Leeds ,
24
July
2019
|
09:53
Europe/London

Object of the week- Leeds United kippah

On display as part of a new exhibition in Leeds, this customised kippah is the perfect combination of faith and football.

Decorated with Leeds United’s unmistakable crest, the traditional Jewish headdress is part of Leeds City Museum’s new A City and its Welcome: Three Centuries of Migrating to Leeds exhibition.

From the Hebrew meaning “dome”, kippah’s are worn by Orthodox male Jews as part of their faith.

This particular example carries an iteration of the Elland Road outfit’s hallowed badge first unveiled in the 1998–99 season, which saw the club logo replaced with a more European shield design, with LUFC reading vertically down the centre.

The kippah is displayed alongside a huge rage of objects exploring the stories of those who travelled to Leeds to make a new life and the impact they have had on the city.

Other items include a collection of toy houses brought to Leeds by Eva Mitchell from former Czechoslovakia in 1938 also feature, one of the only toys she was allowed to bring.

Amar Singh Deagon, a carpenter born in India, came to Leeds in 1966 and worked in construction across Yorkshire, including the building of Leeds Crown Court. His passport, reference letter and photograph are also on display.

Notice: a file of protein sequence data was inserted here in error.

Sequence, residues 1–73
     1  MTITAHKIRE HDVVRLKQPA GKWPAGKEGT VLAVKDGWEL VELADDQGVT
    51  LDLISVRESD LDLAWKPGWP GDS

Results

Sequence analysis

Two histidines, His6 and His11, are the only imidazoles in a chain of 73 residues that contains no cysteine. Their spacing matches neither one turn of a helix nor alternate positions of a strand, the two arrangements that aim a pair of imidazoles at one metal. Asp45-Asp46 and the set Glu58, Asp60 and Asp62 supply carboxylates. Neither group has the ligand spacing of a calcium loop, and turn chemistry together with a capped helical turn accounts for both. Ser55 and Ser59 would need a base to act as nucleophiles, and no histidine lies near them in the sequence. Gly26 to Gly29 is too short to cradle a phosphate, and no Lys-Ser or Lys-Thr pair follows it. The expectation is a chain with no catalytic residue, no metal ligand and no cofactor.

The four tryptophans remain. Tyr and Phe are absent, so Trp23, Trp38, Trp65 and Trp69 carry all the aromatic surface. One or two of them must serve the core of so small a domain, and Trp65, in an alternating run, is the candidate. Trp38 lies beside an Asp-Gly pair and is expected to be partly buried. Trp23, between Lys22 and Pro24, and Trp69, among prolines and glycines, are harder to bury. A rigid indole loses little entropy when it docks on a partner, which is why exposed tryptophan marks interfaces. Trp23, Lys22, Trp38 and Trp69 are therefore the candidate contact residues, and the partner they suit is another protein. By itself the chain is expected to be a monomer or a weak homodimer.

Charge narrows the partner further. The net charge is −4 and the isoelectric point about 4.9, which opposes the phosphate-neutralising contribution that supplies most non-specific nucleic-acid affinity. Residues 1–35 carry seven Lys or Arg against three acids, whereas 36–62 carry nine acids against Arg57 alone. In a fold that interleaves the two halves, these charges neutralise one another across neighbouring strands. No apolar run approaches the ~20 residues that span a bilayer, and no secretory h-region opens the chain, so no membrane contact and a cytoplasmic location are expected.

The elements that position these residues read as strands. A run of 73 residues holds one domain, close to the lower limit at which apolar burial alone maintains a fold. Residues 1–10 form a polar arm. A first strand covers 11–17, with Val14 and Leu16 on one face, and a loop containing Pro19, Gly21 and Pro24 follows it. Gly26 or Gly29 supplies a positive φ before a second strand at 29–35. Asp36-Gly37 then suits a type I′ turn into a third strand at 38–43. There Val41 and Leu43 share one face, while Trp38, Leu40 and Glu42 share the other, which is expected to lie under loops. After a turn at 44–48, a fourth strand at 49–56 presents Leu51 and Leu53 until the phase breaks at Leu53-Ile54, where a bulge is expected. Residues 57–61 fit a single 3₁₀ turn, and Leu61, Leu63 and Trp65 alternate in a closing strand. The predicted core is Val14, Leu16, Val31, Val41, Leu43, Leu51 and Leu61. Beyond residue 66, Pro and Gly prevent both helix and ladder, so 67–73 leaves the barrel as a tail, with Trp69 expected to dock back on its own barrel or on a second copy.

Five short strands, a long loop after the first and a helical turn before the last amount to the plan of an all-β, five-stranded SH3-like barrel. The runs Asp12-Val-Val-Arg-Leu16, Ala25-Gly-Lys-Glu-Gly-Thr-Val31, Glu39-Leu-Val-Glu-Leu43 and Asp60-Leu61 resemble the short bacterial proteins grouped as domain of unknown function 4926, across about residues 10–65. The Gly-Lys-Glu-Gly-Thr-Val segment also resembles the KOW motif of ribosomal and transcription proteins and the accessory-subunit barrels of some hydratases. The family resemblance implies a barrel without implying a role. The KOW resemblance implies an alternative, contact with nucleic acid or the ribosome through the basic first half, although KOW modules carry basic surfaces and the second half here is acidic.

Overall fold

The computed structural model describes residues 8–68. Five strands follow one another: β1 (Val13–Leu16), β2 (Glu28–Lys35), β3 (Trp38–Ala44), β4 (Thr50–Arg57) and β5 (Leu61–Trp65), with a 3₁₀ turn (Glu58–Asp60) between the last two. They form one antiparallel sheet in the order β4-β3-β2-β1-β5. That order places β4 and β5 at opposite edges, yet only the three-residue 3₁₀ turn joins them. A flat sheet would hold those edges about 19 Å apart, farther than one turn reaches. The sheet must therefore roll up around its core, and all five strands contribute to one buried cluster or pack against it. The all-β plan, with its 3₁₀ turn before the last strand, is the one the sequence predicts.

Ruth Martin, Leeds City Museum's curator of exhibitions, said: "Each of these people have told us their individual story about how and why they have come to call Leeds home today. Some have overcome unimaginable adversity, whilst others have travelled here in search of opportunity.

"Together, they paint a picture of a city built by immigrants, a place which has thrived economically and flourished culturally because of those who travelled here with a dream of making a new home for themselves and their families.”

A City and its Welcome: Three Centuries of Migrating to Leeds will be at Leeds City Museum from July 12 until January, 2020.

For more details, please visit: https://www.leeds.gov.uk/museumsandgalleries/leedscitymuseum/leeds-migration-stories

ENDS